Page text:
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Part of Bank of England and Financial Services Bill [HL] – in the House of Lords at 6:00 pm on 15th December 2015.

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Photo of Lord Grabiner Lord Grabiner Labour 6:00 pm, 15th December 2015

My Lords, I declare the interests shown under my name in the register. I should also declare that I am an authorised person under the regimes operated by the FCA and the PRA.

This part of the Bill is designed to extend the senior managers and certification regime, which replaces the much reduced—or, I should say, criticised—approved persons regime. It introduces a new statutory duty of responsibility for all senior members across the extended SMCR in place of the reverse burden of proof, which would otherwise have applied to deposit-takers and PRA-regulated investment firms. The new duty obliges the responsible senior manager to take reasonable steps to prevent regulatory breaches in her or his area of the business. As a result, if the complaining regulator shows that the senior manager has failed to take appropriate steps, she or he will be guilty of a breach of statutory duty. No doubt the Minister will assist us on this but I think that that will subject the individual to serious penalties, including an unlimited fine and/or a prohibition. These are very serious matters, whether they are offensive to Article 6 or otherwise.

Firms will now have to set out the various areas of responsibility with conduct rules. These rules will require that any delegation must be to a suitable person and that the person doing the delegating will retain the oversight function. Thus, the task may be delegated but the responsibility for it will be retained.

From the perspective of the regulator and the public interest, I think that that approach has two very valuable features. First, the existence of the new duty means that in future a senior manager will not be able to plead ignorance of the facts and the circumstances giving rise to the resulting damage. Secondly, the regulator will now be able to identify the responsible person, whereas under the old APR system this was often a problem. Regulatory enforcement was regularly frustrated by legalistic deviousness, and one has to imagine the open palms being extended to the accuser and the words being uttered, “It wasn’t me, guv, and now you prove otherwise”. In my view, that plea will not wash under these new proposals.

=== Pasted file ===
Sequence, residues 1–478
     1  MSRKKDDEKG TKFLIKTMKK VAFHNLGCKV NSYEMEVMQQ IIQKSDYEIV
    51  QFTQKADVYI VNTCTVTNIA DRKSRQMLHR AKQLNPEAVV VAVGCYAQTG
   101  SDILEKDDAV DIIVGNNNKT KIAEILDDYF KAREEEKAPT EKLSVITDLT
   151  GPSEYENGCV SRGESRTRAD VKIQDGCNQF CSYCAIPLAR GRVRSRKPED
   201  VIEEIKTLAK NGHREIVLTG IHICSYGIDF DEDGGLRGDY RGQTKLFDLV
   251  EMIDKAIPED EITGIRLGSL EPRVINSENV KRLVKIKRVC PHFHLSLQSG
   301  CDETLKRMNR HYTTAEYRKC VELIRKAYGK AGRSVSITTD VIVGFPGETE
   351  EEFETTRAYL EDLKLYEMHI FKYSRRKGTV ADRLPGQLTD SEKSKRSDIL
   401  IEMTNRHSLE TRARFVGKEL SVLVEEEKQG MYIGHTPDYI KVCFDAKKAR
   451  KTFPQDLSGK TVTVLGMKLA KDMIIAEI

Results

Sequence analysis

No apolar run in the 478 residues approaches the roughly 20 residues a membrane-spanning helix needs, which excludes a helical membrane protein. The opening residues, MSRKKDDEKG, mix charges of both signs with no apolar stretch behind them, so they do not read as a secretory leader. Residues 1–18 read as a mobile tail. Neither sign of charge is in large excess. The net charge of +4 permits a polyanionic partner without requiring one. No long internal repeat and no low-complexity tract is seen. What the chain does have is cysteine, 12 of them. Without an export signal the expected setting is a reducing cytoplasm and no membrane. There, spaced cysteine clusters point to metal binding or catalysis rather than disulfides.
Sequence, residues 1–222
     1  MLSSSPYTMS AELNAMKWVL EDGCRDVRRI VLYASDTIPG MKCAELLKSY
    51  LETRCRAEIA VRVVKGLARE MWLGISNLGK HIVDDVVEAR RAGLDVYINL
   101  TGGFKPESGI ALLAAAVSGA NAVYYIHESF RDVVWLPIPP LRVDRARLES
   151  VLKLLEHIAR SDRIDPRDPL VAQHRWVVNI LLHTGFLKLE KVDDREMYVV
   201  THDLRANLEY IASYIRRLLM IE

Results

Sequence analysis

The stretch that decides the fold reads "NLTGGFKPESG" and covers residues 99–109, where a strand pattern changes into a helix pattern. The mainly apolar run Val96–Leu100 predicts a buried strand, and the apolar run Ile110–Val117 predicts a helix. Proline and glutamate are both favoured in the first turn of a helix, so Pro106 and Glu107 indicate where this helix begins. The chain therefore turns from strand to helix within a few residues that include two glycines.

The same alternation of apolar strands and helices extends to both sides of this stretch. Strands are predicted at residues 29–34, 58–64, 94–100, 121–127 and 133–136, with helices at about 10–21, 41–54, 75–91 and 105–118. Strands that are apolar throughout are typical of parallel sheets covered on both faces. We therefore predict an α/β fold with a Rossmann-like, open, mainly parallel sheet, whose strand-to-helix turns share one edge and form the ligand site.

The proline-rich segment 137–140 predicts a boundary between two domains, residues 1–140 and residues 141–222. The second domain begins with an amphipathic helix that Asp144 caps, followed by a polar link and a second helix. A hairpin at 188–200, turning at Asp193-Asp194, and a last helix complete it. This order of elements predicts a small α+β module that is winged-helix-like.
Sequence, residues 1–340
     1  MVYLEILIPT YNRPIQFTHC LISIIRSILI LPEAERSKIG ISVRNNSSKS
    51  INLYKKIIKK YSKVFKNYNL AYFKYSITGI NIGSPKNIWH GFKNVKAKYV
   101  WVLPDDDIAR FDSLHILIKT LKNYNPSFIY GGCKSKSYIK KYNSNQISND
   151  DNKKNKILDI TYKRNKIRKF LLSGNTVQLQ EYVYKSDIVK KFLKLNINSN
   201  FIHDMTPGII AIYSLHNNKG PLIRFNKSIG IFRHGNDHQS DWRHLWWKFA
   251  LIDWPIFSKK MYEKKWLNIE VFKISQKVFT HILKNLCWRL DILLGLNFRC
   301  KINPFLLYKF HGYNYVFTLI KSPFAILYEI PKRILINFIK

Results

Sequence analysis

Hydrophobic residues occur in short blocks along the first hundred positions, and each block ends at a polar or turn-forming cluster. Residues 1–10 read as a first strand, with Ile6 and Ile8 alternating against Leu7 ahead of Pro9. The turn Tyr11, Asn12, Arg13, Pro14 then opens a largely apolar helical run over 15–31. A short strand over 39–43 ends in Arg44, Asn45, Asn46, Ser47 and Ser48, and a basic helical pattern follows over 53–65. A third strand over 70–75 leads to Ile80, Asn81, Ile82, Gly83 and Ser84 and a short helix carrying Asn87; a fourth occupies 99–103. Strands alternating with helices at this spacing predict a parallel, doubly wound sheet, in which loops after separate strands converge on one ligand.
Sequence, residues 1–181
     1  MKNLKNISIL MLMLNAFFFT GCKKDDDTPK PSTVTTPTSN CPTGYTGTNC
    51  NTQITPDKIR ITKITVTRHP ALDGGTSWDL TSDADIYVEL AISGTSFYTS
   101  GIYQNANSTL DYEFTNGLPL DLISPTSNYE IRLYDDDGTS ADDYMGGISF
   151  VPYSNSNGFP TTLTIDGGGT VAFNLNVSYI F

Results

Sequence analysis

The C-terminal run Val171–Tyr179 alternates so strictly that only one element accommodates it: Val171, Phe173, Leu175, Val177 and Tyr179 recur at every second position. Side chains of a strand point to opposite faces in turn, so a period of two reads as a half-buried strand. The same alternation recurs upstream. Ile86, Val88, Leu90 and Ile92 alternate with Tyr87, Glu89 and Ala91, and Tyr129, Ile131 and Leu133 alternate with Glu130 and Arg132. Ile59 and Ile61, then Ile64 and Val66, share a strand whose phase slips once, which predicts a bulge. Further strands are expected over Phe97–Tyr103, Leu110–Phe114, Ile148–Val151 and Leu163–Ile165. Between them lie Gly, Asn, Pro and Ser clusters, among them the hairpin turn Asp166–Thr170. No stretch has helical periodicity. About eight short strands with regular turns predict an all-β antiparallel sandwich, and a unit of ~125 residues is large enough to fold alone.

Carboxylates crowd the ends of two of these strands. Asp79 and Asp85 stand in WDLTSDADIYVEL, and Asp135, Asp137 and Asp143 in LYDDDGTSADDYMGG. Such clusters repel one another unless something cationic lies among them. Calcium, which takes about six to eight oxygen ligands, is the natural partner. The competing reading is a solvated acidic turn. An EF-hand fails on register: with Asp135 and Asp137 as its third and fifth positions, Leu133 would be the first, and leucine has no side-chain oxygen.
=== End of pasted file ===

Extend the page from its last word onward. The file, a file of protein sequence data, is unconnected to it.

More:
I also believe that there may be some force in the concern which has been expressed that senior managers will be distracted from doing the job in hand by an excessive focus on devising protection against personal liability. I can imagine that this sort of thinking, which is entirely understandable, would have a reverberating and negative impact on recruitment, including the composition and the quality of boards of banks.

I appreciate that some noble Lords believe that the reverse burden of proof should be applied, at the very least, to part of the market—in particular, to deposit-takers and PRA-regulated investment firms. For a number of reasons, which I promise I will keep short, I would not support that approach.

First, it is not necessary or proportionate to introduce such a draconian provision. The new duty is tough and fair, and I believe that it will be effective. Secondly, a two-tier mechanism would impose different standards on the senior manager of, for example, a building society compared with her or his equivalent in, for example, a major hedge fund. I believe that we should be concerned to achieve consistency rather than differences across the financial services industry.

Thirdly—I am bound to say that I am in complete agreement with the noble and learned Lord, Lord Brown—as a lawyer I find the notion of a presumption of guilt in this very serious context deeply objectionable. It is true that recent history reveals a good deal of irresponsible wrongdoing in a number of financial institutions—we would all agree with that. However, in my view, we need to deal with these matters coolly and not in extravagant anger. I will support the Government on this part of the Bill.